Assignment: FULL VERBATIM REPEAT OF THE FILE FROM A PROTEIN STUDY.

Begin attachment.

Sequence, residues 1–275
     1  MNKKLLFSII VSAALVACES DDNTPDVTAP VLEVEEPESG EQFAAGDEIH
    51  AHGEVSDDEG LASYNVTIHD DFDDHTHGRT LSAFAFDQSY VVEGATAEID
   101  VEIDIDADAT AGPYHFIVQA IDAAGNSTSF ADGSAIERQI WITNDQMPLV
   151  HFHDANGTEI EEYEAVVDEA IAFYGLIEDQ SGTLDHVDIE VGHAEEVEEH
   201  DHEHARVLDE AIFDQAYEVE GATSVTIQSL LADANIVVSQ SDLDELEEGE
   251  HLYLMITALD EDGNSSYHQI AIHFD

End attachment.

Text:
Sequence, residues 1–275
     1  MNKKLLFSII VSAALVACES DDNTPDVTAP VLEVEEPESG EQFAAGDEIH
    51  AHGEVSDDEG LASYNVTIHD DFDDHTHGRT LSAFAFDQSY VVEGATAEID
   101  VEIDIDADAT AGPYHFIVQA IDAAGNSTSF ADGSAIERQI WITNDQMPLV
   151  HFHDANGTEI EEYEAVVDEA IAFYGLIEDQ SGTLDHVDIE VGHAEEVEEH
   201  DHEHARVLDE AIFDQAYEVE GATSVTIQSL LADANIVVSQ SDLDELEEGE
   251  HLYLMITALD EDGNSSYHQI AIHFD